Educators love José Luis Vilson’s insight. Catch his free webinar on April 7.
We don’t have to choose between the testing / Common Core State Standards / Teach For America / charter school debate and intersectional / race talk. In fact, they’re part and parcel.
I want to talk about all of it from the position that we need to look at education reform from the most disenfranchised, those who’ve rarely if ever had a voice in their own schooling for the last century. Generally, that means people of color and poor white people, more so the former than the latter. Instead of creating unity around the most ignored, some edu-activist movements decided to wait until after education reformers ravaged centers of color, specifically urban school systems. On a national level, we leave these wide gaps for the wrong ideas to creep in, pre-packaged with social justice language, but without the principles that allows for people on the ground to have real agency.
People can mistake teargas, handcuffs, and hyperbole for uplift, but the totality of the work and the people it helps is ultimately the effect we should look towards.
We can have the conversation about political hopefuls on the city, state, and federal level all across the country, but if there isn’t a plan that’s one big “no,” then there’s no reason to trust the next people who come in. Too many edu-activists have their favorite education era: pre-Race to the Top, pre-No Child Left Behind, pre-A Nation at Risk, but I have a larger belief that America liked things pre-Brown vs. Board of Education. The report that we’re more segregated than ever was as relevant in 2003 as it was in 2013, but some people only cared about it when it tied into their overall talking points about evildoers and not about systemic and pervasive discrimination in America. I still believe in the power of integration as an anti-racist strategy that assures that America should be responsible for all children, but the resistance to this idea is a symptom of systemic racism, not the cause.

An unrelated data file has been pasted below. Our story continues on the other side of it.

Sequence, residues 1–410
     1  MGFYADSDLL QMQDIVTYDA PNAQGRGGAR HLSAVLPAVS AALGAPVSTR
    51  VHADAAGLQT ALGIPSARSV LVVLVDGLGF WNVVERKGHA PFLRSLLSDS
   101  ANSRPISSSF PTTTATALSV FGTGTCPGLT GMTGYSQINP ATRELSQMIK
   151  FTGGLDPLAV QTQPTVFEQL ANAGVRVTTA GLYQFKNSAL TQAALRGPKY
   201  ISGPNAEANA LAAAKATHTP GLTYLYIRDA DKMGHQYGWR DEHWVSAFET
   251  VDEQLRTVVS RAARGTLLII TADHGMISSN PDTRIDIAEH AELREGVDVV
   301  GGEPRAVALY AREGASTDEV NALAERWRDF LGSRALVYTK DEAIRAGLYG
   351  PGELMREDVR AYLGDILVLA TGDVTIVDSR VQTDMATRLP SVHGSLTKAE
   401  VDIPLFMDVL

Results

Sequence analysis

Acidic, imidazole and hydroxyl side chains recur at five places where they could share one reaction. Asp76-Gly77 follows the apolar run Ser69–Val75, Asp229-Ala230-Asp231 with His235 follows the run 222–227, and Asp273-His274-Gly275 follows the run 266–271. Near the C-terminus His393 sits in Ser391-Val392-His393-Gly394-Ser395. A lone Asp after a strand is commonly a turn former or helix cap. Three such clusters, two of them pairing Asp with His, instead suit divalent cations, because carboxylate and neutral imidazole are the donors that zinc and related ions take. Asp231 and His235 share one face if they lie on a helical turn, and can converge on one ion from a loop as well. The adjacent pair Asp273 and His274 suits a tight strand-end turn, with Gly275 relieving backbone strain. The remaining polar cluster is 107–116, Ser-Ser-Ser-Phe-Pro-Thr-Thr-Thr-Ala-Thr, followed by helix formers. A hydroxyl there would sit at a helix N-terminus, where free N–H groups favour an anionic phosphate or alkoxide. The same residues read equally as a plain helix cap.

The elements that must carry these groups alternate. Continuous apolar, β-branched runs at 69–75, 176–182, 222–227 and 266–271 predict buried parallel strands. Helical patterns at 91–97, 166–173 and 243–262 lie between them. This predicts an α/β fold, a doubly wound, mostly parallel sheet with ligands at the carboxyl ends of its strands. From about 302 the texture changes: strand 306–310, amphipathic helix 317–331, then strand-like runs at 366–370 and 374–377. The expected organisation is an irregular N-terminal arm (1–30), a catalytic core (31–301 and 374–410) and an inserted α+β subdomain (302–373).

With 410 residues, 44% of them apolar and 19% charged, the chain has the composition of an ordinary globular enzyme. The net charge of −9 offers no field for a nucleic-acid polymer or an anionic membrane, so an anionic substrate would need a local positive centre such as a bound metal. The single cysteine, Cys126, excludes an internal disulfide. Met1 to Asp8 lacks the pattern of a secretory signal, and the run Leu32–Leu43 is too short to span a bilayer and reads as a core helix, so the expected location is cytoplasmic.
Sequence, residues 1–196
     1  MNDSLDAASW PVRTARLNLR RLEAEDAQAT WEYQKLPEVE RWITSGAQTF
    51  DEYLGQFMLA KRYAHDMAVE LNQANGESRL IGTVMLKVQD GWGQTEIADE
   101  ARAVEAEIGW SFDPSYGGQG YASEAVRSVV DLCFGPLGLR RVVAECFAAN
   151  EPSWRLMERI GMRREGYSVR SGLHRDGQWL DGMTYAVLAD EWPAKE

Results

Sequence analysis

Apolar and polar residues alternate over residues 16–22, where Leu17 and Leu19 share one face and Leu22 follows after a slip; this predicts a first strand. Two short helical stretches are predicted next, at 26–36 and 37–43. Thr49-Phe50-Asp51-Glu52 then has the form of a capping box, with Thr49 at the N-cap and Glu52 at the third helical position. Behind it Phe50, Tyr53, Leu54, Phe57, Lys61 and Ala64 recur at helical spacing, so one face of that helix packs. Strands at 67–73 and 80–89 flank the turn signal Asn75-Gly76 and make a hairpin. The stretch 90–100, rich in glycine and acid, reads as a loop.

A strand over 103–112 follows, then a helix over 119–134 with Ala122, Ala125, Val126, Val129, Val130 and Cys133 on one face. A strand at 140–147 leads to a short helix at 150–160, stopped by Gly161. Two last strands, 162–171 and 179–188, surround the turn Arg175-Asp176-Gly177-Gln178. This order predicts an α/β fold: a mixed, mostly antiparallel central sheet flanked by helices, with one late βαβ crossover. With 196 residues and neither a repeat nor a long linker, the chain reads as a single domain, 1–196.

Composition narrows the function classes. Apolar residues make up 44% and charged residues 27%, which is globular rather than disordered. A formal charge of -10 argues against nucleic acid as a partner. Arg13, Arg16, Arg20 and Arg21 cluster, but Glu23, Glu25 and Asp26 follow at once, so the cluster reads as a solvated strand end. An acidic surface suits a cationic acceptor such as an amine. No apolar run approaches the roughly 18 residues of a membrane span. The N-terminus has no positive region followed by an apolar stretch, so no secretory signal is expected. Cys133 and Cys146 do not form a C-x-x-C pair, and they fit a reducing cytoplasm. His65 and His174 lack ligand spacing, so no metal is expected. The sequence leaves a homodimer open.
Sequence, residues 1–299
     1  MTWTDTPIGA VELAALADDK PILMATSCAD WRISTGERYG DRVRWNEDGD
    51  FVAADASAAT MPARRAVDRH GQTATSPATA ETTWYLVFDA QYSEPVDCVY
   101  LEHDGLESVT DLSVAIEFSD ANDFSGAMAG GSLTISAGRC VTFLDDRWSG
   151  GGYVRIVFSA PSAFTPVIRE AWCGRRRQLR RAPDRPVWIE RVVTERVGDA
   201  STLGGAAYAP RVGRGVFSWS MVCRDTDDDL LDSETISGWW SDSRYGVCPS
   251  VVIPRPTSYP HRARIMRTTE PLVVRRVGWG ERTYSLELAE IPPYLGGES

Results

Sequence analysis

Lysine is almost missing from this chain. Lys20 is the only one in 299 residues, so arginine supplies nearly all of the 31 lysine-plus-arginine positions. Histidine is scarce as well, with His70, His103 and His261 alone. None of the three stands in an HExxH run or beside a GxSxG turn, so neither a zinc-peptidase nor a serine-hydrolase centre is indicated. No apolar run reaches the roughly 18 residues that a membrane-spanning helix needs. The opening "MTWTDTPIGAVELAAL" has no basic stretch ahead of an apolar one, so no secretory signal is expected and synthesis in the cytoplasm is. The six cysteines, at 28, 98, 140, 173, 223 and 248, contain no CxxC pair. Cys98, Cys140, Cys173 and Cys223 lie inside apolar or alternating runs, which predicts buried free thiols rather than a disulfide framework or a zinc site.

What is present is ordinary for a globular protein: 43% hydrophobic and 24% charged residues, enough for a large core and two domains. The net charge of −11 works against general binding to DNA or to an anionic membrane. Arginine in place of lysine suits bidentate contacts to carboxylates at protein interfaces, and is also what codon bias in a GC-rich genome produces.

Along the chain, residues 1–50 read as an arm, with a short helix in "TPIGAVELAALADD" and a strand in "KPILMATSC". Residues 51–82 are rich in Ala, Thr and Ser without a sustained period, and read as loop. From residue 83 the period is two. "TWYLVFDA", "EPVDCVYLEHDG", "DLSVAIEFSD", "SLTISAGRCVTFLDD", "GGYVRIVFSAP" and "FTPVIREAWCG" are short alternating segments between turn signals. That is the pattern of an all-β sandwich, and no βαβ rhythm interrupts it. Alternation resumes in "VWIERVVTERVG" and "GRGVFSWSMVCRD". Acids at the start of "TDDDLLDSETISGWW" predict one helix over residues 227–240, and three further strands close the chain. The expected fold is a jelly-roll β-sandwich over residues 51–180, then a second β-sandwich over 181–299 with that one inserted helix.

Let’s get better.
I propose immediately that, instead of pushing away people of color who critique racial issues in our midst, we embrace them. Err, us. I propose that we never work on anything, no matter how well-meaning, without the perspective from the given community. I propose that adults who want to be in front of children be prepared to teach the children in front of them and stay long enough that no one doubts that adult’s capacity to teach. I propose that we don’t center ourselves in our activism all the time. I propose that we stop using the words “saving the kids” or act as if because the full liberation doesn’t mean linking people to a new set of chains. I propose that we don’t create plans for public schools that give away our institutions to people who aren’t into our kids as people to begin with. I propose that, after we fight for initiatives that will benefit “the people,” we work with the people to make it sustainable and step off the stage as soon as possible. I propose that people speak directly with and to people and not simply around them.
I propose that, whatever we do, we lead with love for humanity and not hate and pettiness. We in the United States have a nasty habit of thinking of our world is the world, but until we understand the power of education as a global tool for either liberation or oppression, we’ll keep perpetuating the same structures that have kept our kids from reaching their fullest potential. But if we’re not willing to address the systems that keep us divided internally and systemically, how do we propose to undo reform or fix education? I’m not about that.
I’m about getting people free, and if they’re not going to give it to us, we gotta take it.